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Does India’s Health System Meet The 21st Century Requirements?

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In the past, the world has witnessed various health crises, with the bubonic plague and the Spanish flu being the most fatal amongst them. These crises killed an uncountable number of humans.

In the 21st century, we have faced the worst health crisis yet again and are trying hard to cope with it. Yes, I am referring to the coronavirus pandemic that has now developed some deadly variants as well, with Omicron being the latest detected one. We have already seen how the Delta variant in the second wave created havoc in our lives.

In this article, I’ll talk about health and its aspects, the current status of the health infrastructure in India, and various initiatives needed to meet the challenges of the 21st century.


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India has a rich history in healthcare and medicines. Traditional medicine systems of India, like the Ayurveda, is known to the entire world. Atharvaveda contains a cure for 99 diseases. The Charak Samhita, written by Charaka, contains knowledge of the Ayurveda. Similarly, Sushruta Samhita mentions surgical instruments, plastic surgery and rhinoplasty.

Now, coming to the modern health infrastructure, it finds a resemblance to ancient medical knowledge. India, on one hand, is leading in medical research, vaccine production, pharma industry, and on the other hand, it has high rates of infant mortality. There is a lack of health infrastructure and many children in India suffer from anaemia, bone deformation and stunted growth.

The recent pandemic has highlighted the importance of a strong, inclusive and resilient healthcare system that India needs to meet according to the 21st-century requirements.

The World Health Organization (WHO) defines health as physical, mental and social well-being, and not just the absence of illness. So, health is a multidimensional concept. It includes freedom from both communicable and non-communicable diseases, freedom from mental or psychological stress, and the ability to constructively engage with people and society.

India in the 21st century faces a dual problem. We are yet to declare ourselves free from diseases such as malaria or tuberculosis. HIV, diabetes and various types of cancer are common. Another issue is that of malnutrition. According to the latest Global Hunger Index report, India ranks 101 with a score of 27.5. This is quite concerning. Millions of children are stunted and wasted, putting the future of India at risk.

man wearing a mask
The recent pandemic has only added salt to the wound, portraying a dismal picture of our health system.

The recent pandemic has only added salt to the wound, portraying a dismal picture of our health system. According to research, the doctor-population ratio in India is 1:1457 against the WHO recommendation of 1:1000. Severe scarcity of hospital beds, ventilators and oxygen cylinders is also concerning to our health situation.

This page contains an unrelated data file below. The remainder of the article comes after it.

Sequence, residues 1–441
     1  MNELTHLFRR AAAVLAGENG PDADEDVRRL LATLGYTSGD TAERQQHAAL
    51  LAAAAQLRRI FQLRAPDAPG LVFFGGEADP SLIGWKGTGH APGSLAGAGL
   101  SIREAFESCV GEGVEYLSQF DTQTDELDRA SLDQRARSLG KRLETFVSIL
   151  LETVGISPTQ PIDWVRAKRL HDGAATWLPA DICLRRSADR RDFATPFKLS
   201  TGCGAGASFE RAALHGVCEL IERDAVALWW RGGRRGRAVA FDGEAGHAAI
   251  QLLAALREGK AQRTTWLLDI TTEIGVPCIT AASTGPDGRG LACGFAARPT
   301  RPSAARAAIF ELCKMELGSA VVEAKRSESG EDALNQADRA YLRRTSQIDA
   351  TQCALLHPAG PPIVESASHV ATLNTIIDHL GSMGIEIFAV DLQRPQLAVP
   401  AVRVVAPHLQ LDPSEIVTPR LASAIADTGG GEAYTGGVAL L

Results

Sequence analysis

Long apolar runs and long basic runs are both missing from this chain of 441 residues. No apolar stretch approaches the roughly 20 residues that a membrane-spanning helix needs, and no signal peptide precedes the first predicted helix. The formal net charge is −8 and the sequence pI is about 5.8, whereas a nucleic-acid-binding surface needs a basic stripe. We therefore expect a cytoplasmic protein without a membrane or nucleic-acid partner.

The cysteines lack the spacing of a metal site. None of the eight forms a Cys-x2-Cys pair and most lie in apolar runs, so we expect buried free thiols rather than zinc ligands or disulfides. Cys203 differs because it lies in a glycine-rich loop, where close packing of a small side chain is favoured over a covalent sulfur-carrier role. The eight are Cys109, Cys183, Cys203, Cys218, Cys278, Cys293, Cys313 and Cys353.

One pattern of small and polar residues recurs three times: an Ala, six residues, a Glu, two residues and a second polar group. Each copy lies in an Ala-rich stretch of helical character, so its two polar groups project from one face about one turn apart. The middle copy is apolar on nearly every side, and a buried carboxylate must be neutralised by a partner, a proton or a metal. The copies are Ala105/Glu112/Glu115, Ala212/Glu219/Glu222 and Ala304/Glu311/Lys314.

The globalised world, moreover, has made easy the spread of infections caused by viruses and bacteria.

India, since post-Independence, has tried to focus on public health and infrastructure. Article 47 of the Indian Constitution states the provision related to improvement in public health and raising the level of nutrition. Various top medical institutions like AIIMS were opened in megacities through subsequent five-year plans.

In recent times, the National Health Policy, which tries to meet the needs of the demands of the 21st century, was adopted. Also, various schemes including the Ayushman Bharat, POSHAN Abhiyaan, Jan Arogya Yojana etc. try to bring quality healthcare for all. Recently, the health card scheme was launched to create electronic medical records for each Indian.

Another silver lining is Mission Indradhanush. India produced many Covid vaccines, enough to help needy countries like Africa, Afghanistan, Nepal, Sri Lanka, etc. under a humanitarian initiative undertaken by the Indian Government called Vaccine Maitri.

Vaccine bottle
Image credit: Feature China/Barcroft Media via Getty Images

Here is what more can be done in order to make India’s health infrastructure more resilient, self-dependent and inclusive.

  • For emerging technologies like gene therapy and telemedicine, India needs to invest more in research and development. Collaboration can be done along with like-minded countries and institutions like the WHO.
  • We need to shift to preventive and promotive healthcare. The traditional medicinal systems can also be emphasised. Also, we can promote universal healthcare and through the PPP model. We can build hospitals and related infrastructure in every town located remotely.
  • The use of data and Artificial Intelligence needs to become a reality in order to detect and predict diseases.
  • A people-centric policy should be made that is more inclusive, easily available, and affordable.
  • Community participation in healthcare should be emphasised.

As the saying goes, “He who has health, has hope; and he who has hope has everything”.

So, India needs to devote more proportion of its expenditure and investment on health and education, as only educated and healthy minds can make intelligent choices, thus making India play a positive role in making the 21st century as Asia’s century led by Indians.

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